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Pat O’Connor appreciation
by D.R.O'Connor Lysaght
27 September 2015
Pat O’Connor was a revolutionary socialist. The materialist dialectic was as the air he breathed. He was dedicated to the struggle that must give state power to the working people of this country as a base from which will develop the only possible form of socialism, that is world socialism. He performed his duty not with a Kalashnikov nor a mortar, not by robbing banks, however much the cause could have done with the money, but by determined propaganda and agitation to spread the divine gospel of discontent and cause the working people of Ireland to feel the mass dissatisfaction with the system without which the most meticulously planned rebellion can only be a putsch.
His death is the greater loss in that, today, the forces of globalisation and neo-liberalism that blocked the revolutionary path for three and an half decades are seen more readily for what they are. The freedom and prosperity that they promised are being revealed as the purtenances of the already rich. Freedom is to be taken away from the democracy by the planned free trade agreement, the TTIP, by which any act of a country that a business considers hurts its profits can be punished with fines that must burden that land’s citizenry for generations. Prosperity has been ended first by the depression and then by its solution, the austerity policies drafted to rob the poor to benefit the rich.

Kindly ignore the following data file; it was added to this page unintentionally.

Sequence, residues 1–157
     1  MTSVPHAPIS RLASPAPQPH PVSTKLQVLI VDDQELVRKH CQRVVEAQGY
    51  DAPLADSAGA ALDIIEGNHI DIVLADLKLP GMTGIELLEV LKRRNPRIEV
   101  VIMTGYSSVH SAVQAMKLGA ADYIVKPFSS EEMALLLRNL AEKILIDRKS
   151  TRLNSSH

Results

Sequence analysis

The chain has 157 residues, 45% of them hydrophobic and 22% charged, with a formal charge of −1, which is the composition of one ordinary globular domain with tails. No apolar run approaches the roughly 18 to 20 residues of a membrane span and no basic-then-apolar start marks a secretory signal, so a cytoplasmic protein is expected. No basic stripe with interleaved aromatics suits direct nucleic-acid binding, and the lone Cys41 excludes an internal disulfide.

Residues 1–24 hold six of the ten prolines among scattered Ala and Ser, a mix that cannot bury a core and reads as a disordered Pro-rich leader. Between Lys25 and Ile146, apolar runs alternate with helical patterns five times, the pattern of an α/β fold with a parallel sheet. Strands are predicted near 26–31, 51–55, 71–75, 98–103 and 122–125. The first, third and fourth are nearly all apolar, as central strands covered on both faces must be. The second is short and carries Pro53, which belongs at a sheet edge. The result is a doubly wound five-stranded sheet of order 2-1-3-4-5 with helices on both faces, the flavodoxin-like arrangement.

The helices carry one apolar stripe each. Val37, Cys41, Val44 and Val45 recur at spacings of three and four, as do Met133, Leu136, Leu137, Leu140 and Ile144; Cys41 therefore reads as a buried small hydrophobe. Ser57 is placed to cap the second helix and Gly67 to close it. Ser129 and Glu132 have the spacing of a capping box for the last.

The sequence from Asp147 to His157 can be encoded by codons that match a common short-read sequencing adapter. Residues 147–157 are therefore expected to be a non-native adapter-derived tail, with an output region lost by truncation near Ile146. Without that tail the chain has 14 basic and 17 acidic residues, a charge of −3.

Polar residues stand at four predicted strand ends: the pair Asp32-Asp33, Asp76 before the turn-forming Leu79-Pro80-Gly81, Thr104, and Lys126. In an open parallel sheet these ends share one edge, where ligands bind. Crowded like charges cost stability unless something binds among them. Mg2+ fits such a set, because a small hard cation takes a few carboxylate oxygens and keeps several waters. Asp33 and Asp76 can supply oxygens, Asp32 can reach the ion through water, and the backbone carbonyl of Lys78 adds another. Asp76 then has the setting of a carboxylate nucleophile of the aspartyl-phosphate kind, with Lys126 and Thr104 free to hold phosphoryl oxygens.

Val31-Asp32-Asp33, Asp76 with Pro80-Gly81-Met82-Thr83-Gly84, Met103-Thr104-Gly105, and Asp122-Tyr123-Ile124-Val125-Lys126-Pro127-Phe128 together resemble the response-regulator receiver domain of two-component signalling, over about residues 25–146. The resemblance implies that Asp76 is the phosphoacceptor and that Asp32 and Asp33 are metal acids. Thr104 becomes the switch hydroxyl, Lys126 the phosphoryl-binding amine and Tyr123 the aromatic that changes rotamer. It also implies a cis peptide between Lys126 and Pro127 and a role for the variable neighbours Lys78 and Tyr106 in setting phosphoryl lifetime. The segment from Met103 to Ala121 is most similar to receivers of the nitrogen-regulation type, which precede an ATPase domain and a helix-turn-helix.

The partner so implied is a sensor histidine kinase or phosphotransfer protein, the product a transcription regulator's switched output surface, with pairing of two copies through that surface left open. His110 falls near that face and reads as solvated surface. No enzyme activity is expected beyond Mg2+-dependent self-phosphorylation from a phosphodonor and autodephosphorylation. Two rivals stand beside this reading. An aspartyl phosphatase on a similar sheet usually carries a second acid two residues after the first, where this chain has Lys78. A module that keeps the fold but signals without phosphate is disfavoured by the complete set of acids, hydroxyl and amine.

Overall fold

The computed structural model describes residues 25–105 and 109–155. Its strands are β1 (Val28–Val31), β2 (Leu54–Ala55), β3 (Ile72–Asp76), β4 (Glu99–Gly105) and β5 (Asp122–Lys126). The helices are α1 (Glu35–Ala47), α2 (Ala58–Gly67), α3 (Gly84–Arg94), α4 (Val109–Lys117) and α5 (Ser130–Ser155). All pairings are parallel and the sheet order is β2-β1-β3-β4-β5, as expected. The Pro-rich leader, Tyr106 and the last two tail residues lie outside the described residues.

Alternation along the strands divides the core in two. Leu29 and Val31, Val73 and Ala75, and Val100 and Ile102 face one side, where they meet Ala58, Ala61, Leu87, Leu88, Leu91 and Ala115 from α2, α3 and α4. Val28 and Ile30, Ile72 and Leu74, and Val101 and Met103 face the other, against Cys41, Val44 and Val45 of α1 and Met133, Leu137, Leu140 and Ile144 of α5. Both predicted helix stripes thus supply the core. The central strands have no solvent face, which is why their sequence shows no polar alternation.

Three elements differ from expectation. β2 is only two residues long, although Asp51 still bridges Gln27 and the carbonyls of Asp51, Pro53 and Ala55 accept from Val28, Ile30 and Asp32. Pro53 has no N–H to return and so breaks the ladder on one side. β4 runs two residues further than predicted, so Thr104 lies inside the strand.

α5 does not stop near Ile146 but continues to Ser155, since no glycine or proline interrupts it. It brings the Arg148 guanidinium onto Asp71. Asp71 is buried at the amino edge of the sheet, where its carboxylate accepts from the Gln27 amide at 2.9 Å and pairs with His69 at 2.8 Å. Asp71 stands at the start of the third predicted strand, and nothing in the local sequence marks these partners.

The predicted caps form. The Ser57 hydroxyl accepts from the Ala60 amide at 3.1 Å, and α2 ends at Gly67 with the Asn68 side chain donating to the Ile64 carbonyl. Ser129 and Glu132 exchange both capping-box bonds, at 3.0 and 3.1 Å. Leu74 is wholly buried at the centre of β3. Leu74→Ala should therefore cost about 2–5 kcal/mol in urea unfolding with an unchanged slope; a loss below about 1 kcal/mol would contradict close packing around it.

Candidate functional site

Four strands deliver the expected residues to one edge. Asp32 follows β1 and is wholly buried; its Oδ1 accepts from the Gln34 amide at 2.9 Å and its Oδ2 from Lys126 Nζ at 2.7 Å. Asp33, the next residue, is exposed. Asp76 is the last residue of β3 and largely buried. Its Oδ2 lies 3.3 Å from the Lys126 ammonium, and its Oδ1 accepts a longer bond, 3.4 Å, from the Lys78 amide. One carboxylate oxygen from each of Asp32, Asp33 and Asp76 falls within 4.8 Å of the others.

Homelessness is higher than at the depth
of the depression and the water charge must increase it further. Undoubtedly,
the Government expects that by being homeless people will be disenfranchised
(they should beware this will not be true for all). Unemployment is down,
as are real wages. Numbers awaiting healthcare are up. Education is still
overwhelmingly in the hands of the religious, at least until third level
when it is guided by the needs for profit of the business community, national
and international. As in James Joyce’ time, ‘God and Caesar walk hand in
hand’ in Ireland.
All these issues must be raised in the opportunity that will be provided in the coming general election. There is a danger here that this will be seen by too many socialists as an opportunity for getting bums on seats (The word bum may be interpreted either way). In fact, it will be better for a small minority that understands the issues thoroughly to elect a few deputies than for a larger number of TDs to be elected by less conscious voters. The wise words of Connolly must be recalled: ‘the electoral battle is merely the shadow of the struggle.’ This was Pat O’Connor’s view and the best way to commemorate him is to act on it and campaign not just to change the government but for to change the class nature of state power in Ireland.
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